The review was prompted, at least in part, by Lloyds Bank's pounds 1.8bn takeover bid for the Cheltenham & Gloucester building society. This is going through legal hoops but has raised wider questions about how building societies should be managed and supervised.
The most startling recommendation in the Treasury review is expected to be a move to make it easier for savers to be nominated to the board of their society. At present, the directors can place a variety of hurdles in the way of a group of savers who want to put one of their number on the board.
This will be part of a move to wider accountability, which many societies see as a necessary sacrifice in return for greater financial freedom to compete with banks.
Peter Birch, chief executive of Abbey National, which has already converted from a building society into a bank, made a pre-emptive strike last week when he warned: 'Board members (of societies) may well feel comfortable as a mutual building society, but I believe they need to become more accountable to their members who are, after all, their owners - with little say.'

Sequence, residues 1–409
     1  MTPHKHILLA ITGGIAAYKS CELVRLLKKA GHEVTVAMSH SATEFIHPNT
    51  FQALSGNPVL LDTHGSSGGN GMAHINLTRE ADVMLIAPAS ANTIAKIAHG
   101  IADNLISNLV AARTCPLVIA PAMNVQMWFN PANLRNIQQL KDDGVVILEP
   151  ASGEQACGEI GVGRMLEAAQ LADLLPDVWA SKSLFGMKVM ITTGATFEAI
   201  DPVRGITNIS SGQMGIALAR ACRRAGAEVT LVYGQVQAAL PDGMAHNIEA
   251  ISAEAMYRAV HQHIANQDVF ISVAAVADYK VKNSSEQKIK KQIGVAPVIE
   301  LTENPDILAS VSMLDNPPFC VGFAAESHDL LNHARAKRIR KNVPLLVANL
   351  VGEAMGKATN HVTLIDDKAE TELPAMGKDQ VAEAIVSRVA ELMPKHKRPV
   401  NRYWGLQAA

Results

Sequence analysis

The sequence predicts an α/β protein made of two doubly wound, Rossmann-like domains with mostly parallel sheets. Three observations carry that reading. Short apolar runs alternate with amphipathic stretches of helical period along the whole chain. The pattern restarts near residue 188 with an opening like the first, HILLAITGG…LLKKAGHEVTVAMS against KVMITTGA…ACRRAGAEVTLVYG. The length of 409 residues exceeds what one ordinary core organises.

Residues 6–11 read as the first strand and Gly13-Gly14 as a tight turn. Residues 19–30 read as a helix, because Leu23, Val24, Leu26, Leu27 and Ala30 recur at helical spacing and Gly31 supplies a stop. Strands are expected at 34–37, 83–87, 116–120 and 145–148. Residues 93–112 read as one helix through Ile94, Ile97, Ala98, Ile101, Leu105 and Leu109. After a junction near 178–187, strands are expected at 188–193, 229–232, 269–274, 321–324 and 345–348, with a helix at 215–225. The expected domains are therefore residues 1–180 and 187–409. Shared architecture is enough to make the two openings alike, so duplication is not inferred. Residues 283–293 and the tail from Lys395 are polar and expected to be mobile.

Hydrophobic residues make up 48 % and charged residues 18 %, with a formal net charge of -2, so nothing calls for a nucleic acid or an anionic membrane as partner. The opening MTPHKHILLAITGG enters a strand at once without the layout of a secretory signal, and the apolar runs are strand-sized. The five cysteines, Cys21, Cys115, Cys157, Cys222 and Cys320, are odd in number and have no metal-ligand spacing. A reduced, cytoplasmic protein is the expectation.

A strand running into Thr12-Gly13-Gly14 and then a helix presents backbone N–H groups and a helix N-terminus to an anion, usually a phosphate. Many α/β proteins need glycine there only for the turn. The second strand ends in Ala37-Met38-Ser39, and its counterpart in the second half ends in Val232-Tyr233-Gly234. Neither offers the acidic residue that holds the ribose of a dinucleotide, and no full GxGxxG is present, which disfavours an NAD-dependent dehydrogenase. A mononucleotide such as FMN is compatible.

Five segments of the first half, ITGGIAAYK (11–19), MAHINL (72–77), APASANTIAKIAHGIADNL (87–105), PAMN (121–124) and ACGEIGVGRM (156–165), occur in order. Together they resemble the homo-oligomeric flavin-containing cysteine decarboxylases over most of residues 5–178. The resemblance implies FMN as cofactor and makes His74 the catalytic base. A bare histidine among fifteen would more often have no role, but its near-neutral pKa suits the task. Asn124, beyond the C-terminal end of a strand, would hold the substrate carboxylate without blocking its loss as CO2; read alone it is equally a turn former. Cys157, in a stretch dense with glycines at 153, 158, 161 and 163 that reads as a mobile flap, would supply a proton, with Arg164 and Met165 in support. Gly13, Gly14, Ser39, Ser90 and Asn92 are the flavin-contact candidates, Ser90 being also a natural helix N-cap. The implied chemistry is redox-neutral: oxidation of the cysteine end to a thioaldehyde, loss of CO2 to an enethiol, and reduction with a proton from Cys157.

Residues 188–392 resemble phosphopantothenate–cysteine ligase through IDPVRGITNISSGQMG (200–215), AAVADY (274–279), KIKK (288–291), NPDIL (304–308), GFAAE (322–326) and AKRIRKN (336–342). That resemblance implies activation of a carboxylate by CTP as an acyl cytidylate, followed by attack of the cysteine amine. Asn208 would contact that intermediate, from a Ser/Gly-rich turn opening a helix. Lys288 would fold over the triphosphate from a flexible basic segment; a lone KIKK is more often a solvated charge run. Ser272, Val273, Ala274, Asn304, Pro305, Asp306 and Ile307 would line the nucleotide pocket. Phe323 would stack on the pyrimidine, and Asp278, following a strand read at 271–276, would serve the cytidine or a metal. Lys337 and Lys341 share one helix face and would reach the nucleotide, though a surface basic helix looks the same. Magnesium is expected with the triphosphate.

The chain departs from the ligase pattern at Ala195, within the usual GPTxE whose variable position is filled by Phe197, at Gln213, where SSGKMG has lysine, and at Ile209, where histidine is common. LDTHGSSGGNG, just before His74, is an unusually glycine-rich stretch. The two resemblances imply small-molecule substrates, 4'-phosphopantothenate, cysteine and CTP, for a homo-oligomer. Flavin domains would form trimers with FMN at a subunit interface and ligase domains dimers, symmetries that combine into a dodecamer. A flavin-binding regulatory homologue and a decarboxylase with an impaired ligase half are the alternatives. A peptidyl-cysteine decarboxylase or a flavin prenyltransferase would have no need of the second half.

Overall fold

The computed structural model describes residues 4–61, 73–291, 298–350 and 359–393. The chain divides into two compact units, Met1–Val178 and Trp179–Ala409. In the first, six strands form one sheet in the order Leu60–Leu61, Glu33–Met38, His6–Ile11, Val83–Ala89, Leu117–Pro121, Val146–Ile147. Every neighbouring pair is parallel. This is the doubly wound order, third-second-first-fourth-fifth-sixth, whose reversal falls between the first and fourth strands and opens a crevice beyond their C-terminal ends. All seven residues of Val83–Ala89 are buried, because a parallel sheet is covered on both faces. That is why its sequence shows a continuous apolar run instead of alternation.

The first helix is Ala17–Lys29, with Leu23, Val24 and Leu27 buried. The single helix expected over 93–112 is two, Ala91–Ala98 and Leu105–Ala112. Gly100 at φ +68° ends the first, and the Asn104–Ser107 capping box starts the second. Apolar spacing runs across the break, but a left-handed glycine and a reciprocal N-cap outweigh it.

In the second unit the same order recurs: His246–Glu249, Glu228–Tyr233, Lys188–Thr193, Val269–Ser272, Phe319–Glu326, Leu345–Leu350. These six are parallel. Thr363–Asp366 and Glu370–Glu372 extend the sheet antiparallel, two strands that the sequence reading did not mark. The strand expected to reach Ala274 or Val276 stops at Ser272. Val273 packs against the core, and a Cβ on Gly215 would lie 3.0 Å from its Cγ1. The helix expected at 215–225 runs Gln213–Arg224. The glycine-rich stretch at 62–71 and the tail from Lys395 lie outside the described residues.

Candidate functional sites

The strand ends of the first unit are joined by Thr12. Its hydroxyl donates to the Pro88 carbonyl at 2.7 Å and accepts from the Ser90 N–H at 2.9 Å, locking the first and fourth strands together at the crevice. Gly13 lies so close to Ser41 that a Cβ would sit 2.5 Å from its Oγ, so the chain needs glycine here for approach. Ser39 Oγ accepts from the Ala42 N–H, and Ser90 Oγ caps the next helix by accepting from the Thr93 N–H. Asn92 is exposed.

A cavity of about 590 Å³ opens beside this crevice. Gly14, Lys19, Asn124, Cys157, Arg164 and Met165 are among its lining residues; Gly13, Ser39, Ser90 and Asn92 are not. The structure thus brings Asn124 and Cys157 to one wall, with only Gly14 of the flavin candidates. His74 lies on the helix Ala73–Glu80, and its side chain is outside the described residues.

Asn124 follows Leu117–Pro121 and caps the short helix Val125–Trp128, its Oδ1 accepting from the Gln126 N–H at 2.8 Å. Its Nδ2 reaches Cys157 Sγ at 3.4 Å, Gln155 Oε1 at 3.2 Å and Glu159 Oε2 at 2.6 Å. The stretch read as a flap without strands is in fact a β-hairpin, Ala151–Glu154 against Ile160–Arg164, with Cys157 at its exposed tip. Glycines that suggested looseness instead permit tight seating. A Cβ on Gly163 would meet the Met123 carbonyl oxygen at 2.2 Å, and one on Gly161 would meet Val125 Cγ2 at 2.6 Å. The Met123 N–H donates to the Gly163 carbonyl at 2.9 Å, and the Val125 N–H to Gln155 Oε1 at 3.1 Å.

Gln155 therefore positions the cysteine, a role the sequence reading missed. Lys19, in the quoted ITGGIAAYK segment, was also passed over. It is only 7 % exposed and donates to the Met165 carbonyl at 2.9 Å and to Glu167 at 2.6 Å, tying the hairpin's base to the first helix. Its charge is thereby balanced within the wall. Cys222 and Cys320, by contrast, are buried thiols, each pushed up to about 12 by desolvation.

But a director of a leading society pointed out: 'The skills required to be a director of a large, complex financial organisation - which is what many societies have become - are more onerous every year. But we would want to avoid a two- tier board.'
The answer, he suggested, could be a form of halfway house, enabling lay people to become directors without having to get immersed in too much of the detail.
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